Straatsma: The biggest challenge is expressing parallelism across millions and millions—if not billions—of compute elements. That’s an algorithmic challenge. Then you have the hardware challenge, mapping those algorithms on to the specific hardware that you are targeting. Whether you have NVIDIA GPUs as accelerators together with IBM Power CPUs like on Summit or you’re looking at NERSC’s Cori system with its Intel Knights Landing processors, the basic story is the same: Taking the parallelism you’ve expressed and mapping it on to that hardware.
It’s a tall order, but, if done right, there is an enormous payoff because things that are being developed for these large pre-exascale machines tend to also lead to more efficient use of traditional architectures. In that sense, we’re at the forefront of the hardware with these machines, but we’re also at the forefront of the software. The benefits trickle down to the wider community.
Antypas: Besides the challenges associated with expressing on-node parallelism and improving data locality, scientists are grappling with the huge influx of data from experiments and observational facilities such as light sources, telescopes, sensors, and detectors, and how to incorporate data from these experiments into models and simulations. In the not too distant past, workflows started and ended within a supercomputing facility. Now, many user workflows start from outside of a computing facility and end with users needing to share data with a large collaboration. Data transfer, management, search, analysis, and curation have become large challenges for users.
Williams: Whether you view it as a challenge or an opportunity is a matter of perspective, but those developers who are themselves computational scientists are now more tightly coupled to the work of experimentalists and theorists. They are increasingly codependent. For example, cosmological simulations inform observational scientists of specific signs to look for in sky surveys, given an assumed set of parameter values for theoretical models. Particle-collider event simulations inform detectors at the experiment about what to look for, and what to ignore, in the search for rare particles—before the experiment is run.
How is scientific application development, which has traditionally entailed modeling and simulation, being influenced by data-driven discovery and artificial intelligence?
Straatsma: Most of the applications that we have in our current application readiness programs at the DOE computing facilities use traditional modeling and simulation, but artificial intelligence, machine learning, and deep learning are rapidly affecting the way we do computational science. Because of growth in datasets, it’s now possible to use these big machines to analyze data to discover underlying models. This is the broad area of data analytics. In our book, one such project is using seismic data analysis to derive models that are being used to get a better understanding of the Earth’s crust and interior.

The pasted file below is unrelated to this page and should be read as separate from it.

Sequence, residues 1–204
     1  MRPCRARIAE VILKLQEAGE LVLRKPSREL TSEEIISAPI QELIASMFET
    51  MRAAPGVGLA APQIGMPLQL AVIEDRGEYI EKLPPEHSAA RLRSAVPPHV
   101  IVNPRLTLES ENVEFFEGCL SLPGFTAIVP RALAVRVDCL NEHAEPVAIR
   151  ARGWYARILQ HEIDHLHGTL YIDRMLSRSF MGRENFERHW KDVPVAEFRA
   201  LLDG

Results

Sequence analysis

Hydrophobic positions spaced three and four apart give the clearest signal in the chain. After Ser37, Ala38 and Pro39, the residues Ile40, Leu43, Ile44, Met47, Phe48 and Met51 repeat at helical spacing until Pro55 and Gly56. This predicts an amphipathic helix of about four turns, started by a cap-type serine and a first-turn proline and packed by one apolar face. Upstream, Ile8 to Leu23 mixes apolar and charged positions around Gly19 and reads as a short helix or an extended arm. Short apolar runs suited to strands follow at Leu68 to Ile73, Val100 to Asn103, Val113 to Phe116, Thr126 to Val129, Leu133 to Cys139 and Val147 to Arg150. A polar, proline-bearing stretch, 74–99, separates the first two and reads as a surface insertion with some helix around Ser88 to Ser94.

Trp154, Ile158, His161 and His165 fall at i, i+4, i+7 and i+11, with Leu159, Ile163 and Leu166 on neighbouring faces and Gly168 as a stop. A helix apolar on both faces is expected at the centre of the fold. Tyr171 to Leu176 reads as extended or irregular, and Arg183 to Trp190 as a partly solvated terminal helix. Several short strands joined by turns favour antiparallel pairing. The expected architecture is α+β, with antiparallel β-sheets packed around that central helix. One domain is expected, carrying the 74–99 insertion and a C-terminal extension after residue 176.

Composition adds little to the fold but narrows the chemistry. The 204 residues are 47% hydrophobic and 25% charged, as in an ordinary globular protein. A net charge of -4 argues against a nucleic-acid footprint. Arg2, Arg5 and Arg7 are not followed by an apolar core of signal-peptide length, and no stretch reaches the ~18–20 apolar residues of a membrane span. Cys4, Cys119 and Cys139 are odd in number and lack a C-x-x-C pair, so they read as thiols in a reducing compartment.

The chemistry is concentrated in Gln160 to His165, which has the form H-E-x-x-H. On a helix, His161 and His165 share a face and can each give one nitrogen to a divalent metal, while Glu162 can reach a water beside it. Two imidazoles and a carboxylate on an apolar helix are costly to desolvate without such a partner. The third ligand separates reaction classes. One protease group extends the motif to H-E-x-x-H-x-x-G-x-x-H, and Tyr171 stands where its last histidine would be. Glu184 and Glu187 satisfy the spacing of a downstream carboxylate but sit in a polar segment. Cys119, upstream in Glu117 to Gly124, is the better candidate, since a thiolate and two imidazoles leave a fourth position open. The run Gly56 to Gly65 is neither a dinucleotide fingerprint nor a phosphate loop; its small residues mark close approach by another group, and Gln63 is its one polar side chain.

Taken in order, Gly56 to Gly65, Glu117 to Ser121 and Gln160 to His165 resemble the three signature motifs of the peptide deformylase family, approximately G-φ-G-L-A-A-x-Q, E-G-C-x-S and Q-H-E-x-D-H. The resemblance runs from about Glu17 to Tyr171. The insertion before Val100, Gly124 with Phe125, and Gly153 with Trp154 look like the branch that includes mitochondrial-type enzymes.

In a sense, it’s doing computational science from the opposite direction than what has traditionally been done. Instead of having a model and simulating that model to create a lot of data that you use to learn things from your system, you start with potentially massive datasets—experimental or observational—and use inference methods to derive models, networks, or other features of interest.
Antypas: Machine learning and deep learning have revolutionized many fields already and are increasingly being used by NERSC users to solve science challenges important to the mission of the Department of Energy’s Office of Science. As part of a requirements-gathering process with the user community, scientists from every field represented noted they were exploring new methods for data analysis, including machine learning. We also expect scientists will begin to incorporate the inference step of learning directly into simulations.
Williams: Computational scientists now increasingly employ data-driven and machine learning approaches to answer the same science and engineering questions addressed by simulation. Fundamental-principles–based simulation and machine learning have some similarities. They can both address problems where there is no good, high-level theory to explain phenomena. For example, behavior of materials at the nanoscale, where conventional theories don’t apply, can be understood either by simulating the materials atom-by-atom or by using machine learning approaches to generate reduced models that predict behavior.
In the foreword, the contributors to this book are referred to as “the pioneers who will explore the exascale frontier.” How will their work benefit the larger scientific community?
Straatsma: In multiple ways. The most obvious benefit is that we get a set of applications that run very well on very large machines. If these are applications used by broad scientific communities, many researchers will benefit from them. The second benefit is in finding methodologies that can be translated to other codes or other application domains and be used to make these applications run very well on these new architectures. A third benefit is that application developers get a lot of experience doing this kind of work, and based on that experience, we have better ideas on how to approach the process of application readiness and performance portability.
Williams: With each step forward in large-scale parallel computing, a cohort of young scientists comes along for the ride, engaged in these pioneering efforts. The scale of this computing, and the sophistication of the software techniques employed, will become routine for them going forward. This is really just a manifestation of the advance of science, which builds on successes and corrects itself to be consistent with what we learn.
After coediting this volume, are there any key lessons that you hope readers take from this work?
Straatsma: I hope that people who are wondering about HPC at the scale we’re talking about will get inspired to think about what these future resources could do for their science or think bigger than what they’re thinking now. To draw one example from the book, astrophysicists are developing techniques for exascale systems that are projected to enable simulation of supernova explosions that include significantly larger kinetic networks than can be used today, and these systems can do this faster and more accurately. That’s just one example of the many described in this publication of exascale-capable applications with the promise of enabling computational science with more accurate models and fewer approximations, leading to more reliable predictions.
Oak Ridge National Laboratory is supported by the US Department of Energy’s Office of Science. The single largest supporter of basic research in the physical sciences in the United States, the Office of Science is working to address some of the most pressing challenges of our time. For more information, please visit science.energy.gov.